He's an idiot, but he's our idiot. And don't you think he's kind of lovable in his utter stupidity? That's the overall tone of "That's My Bush!" - the much-anticipated satire of President George W. Bush from "South Park" creators Trey Parker and Matt Stone. As political satire, there is not much to get excited about here. But, in the context of what Parker and Stone say they set out to do - parody the sitcom genre itself - the first two episodes have some good moments. And as to what really matters for many Parker and Stone fans: The two also have created moments that are sure to offend some viewers and be discussed the morning after.
FEATURES
By David Zurawik and David Zurawik,SUN TELEVISION CRITIC | March 17, 1998
Al Franken is a big, fat genius.OK, he's not fat, but he sure helped create a smart sitcom in "Lateline," which premieres tonight on NBC.Franken, a five-time Emmy award winner for his work on "Saturday Night Live" and author of the best-selling "Rush Limbaugh Is a Big, Fat Idiot and Other Observations," is one of our best political satirists. And, boy, do we need political satire in prime time today.Outside of "Murphy Brown" (which is about to end) and "Spin City" (which is about local politics in New York City)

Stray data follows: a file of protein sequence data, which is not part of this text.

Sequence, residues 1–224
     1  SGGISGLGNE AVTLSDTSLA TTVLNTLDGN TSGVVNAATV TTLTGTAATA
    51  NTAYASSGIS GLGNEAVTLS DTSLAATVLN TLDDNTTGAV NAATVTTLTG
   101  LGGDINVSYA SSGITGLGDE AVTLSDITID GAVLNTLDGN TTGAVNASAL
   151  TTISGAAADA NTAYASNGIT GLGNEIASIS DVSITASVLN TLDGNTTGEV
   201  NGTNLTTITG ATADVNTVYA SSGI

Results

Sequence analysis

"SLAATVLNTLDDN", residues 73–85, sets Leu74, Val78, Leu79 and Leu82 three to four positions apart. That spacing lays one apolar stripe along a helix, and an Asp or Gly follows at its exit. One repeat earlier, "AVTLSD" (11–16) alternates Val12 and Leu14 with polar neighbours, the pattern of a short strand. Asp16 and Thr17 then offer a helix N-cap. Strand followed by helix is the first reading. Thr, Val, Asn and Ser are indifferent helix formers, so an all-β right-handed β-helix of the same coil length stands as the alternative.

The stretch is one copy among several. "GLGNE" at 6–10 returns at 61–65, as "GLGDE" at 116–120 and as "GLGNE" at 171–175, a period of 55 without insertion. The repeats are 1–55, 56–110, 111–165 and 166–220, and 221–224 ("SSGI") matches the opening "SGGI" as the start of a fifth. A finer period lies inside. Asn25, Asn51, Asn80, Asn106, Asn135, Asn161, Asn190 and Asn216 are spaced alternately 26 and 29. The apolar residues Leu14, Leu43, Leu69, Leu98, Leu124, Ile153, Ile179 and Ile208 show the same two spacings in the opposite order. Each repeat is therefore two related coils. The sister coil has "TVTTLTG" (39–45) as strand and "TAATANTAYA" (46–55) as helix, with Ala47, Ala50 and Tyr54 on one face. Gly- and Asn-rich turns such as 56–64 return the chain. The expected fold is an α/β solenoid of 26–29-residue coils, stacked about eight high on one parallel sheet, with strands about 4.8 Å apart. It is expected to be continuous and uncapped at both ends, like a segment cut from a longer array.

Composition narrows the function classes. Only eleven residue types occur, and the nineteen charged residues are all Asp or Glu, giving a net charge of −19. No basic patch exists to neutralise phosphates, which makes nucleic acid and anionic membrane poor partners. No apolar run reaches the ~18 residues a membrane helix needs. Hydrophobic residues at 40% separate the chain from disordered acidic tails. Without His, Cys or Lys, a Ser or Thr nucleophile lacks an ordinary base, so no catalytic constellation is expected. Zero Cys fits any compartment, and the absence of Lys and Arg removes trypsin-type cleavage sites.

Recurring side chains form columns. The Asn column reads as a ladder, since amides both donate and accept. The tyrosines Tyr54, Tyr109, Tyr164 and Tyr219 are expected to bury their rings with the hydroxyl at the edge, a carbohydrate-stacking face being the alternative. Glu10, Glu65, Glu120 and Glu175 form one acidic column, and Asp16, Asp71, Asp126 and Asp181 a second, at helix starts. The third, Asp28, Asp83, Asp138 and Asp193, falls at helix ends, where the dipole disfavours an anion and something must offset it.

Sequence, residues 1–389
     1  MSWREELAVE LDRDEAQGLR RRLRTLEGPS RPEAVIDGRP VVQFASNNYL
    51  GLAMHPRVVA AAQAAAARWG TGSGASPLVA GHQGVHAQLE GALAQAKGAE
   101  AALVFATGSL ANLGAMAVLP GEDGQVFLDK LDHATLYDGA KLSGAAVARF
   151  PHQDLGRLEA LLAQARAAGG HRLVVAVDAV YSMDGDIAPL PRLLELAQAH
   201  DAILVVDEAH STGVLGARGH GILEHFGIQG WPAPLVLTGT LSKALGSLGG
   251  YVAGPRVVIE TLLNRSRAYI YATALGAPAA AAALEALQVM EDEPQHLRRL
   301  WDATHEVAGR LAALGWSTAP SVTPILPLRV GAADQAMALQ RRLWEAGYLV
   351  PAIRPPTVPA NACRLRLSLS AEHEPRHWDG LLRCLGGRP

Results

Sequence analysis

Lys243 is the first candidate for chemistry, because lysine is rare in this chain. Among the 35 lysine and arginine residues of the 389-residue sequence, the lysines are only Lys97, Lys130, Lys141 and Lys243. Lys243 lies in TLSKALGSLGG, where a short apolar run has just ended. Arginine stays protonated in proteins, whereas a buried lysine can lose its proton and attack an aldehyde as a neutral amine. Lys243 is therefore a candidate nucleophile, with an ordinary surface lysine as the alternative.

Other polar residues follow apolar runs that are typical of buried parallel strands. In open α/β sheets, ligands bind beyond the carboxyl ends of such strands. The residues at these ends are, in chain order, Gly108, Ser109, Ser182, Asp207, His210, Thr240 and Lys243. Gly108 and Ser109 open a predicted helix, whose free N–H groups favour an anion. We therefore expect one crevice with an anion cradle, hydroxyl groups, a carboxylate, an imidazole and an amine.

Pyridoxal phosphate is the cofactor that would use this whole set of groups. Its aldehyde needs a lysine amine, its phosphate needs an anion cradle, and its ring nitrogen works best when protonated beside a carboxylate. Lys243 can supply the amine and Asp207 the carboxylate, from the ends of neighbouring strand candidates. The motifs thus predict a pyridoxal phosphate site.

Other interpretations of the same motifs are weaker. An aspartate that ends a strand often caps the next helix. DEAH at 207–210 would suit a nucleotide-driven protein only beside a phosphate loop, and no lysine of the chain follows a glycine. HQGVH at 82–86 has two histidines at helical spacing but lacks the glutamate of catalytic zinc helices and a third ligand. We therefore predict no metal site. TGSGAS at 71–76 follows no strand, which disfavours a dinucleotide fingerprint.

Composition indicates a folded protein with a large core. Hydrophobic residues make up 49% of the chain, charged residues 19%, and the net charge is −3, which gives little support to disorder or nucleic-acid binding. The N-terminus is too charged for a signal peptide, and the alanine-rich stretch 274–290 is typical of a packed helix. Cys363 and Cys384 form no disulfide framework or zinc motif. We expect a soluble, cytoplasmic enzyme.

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By Ann Hornaday and Ann Hornaday,SUN FILM CRITIC | May 22, 1998
In the scorchingly funny political satire "Bulworth," Warren Beatty is a man possessed, a holy fool tilting at the windmills of contemporary political culture, an idiot worthy of Dostoevsky, whose compulsive, vulgar pronouncements take on the proportions of greatness the more he blathers on.Love "Bulworth" or hate it. Laugh at it or moan out loud. But by all means see it, and celebrate the fact that a mainstream movie has been made in which something of real meaning is at stake.Beatty -- who wrote, directed and produced -- also stars in the title role of Jay Bulworth, a Democratic senator from California who is just days away from a shoo-in re-election.
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By John Dorsey and John Dorsey,Sun Art Critic | June 13, 1995